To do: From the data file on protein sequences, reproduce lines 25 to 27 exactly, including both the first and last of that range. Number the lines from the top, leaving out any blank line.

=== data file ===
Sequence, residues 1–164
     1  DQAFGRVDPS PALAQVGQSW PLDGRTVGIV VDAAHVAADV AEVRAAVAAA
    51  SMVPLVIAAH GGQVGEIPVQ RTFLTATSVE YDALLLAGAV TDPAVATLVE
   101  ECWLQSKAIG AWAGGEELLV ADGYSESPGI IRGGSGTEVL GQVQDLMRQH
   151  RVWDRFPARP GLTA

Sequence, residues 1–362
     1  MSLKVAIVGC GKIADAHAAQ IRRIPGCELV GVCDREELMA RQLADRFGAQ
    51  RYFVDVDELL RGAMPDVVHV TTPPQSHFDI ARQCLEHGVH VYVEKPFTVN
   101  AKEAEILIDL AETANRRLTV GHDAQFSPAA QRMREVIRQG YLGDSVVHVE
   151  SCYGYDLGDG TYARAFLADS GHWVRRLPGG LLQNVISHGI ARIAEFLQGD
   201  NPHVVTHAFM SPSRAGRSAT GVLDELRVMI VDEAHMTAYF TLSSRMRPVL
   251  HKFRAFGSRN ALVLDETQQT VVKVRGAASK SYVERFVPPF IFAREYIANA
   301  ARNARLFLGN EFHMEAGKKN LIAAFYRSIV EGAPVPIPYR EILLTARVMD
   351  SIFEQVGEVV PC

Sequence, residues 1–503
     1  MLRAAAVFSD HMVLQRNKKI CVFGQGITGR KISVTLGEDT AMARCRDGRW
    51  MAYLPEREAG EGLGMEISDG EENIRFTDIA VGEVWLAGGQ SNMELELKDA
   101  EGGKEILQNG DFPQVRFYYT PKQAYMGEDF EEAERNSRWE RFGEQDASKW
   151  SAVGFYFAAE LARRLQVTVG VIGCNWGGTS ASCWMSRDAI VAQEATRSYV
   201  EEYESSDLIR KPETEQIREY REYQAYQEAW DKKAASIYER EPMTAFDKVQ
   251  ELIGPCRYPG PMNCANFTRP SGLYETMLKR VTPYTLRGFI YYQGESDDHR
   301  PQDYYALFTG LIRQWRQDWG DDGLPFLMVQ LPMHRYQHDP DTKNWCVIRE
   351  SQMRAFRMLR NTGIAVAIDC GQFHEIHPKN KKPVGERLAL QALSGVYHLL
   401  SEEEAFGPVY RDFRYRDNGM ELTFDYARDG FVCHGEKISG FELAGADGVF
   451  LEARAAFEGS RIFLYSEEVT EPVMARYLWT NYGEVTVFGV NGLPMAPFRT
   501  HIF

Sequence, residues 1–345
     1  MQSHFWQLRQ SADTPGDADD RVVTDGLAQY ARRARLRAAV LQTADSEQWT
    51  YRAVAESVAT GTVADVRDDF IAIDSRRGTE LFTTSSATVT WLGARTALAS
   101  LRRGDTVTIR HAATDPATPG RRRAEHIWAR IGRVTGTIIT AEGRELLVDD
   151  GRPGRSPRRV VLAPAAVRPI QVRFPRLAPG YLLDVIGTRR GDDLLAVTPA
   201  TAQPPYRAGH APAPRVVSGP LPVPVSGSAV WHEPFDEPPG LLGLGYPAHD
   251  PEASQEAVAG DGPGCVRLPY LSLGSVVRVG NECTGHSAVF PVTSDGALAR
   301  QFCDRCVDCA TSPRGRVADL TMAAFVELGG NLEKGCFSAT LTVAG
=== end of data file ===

   451  LEARAAFEGS RIFLYSEEVT EPVMARYLWT NYGEVTVFGV NGLPMAPFRT
   501  HIF

Sequence, residues 1–345